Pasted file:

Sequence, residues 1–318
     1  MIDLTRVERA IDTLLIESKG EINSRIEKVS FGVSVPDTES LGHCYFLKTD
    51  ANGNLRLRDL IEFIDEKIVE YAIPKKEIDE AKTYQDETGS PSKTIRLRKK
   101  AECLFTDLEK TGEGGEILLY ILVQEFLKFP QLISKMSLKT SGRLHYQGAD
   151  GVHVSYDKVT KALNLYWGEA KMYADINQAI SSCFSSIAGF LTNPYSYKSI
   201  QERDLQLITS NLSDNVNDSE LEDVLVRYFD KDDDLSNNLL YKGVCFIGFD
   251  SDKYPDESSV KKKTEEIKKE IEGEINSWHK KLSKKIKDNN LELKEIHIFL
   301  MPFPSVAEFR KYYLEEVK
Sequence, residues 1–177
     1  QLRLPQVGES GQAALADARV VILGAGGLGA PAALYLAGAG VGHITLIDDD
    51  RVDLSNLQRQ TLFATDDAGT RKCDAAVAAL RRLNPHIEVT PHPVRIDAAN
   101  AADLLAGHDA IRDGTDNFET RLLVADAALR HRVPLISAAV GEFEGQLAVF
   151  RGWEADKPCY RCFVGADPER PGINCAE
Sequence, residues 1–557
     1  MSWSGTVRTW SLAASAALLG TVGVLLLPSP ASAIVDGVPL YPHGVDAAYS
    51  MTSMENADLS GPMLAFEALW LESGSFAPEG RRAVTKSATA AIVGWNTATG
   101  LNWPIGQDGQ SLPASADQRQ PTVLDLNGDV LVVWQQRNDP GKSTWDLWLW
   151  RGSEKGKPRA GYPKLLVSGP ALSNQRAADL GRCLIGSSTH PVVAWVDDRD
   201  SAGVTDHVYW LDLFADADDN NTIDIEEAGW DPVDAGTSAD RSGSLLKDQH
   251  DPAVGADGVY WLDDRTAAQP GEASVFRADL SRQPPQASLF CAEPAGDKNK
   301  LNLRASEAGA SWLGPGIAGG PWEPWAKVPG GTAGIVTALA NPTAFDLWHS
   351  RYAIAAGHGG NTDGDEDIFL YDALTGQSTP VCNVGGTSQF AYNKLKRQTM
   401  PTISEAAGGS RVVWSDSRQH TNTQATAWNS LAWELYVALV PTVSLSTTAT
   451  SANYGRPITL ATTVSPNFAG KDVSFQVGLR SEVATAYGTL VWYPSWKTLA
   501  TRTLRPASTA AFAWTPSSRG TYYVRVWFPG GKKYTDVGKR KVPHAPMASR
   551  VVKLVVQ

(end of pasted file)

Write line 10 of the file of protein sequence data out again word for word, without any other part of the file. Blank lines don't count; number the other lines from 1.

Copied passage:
     1  QLRLPQVGES GQAALADARV VILGAGGLGA PAALYLAGAG VGHITLIDDD